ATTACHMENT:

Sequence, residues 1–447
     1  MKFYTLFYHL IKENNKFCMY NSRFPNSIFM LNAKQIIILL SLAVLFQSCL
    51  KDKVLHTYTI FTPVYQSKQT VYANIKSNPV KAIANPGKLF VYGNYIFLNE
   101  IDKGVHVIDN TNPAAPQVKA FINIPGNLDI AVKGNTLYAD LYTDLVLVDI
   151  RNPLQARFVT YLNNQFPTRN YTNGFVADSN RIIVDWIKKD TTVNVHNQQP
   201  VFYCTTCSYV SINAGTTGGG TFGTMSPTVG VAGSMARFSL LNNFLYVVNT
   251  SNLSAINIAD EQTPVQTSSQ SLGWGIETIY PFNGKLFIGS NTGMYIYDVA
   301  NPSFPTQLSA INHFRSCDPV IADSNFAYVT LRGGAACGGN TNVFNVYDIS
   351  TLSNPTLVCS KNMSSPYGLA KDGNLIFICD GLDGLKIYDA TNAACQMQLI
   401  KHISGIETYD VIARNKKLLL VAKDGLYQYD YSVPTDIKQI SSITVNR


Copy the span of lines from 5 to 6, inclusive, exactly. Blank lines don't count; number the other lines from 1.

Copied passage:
   151  RNPLQARFVT YLNNQFPTRN YTNGFVADSN RIIVDWIKKD TTVNVHNQQP
   201  VFYCTTCSYV SINAGTTGGG TFGTMSPTVG VAGSMARFSL LNNFLYVVNT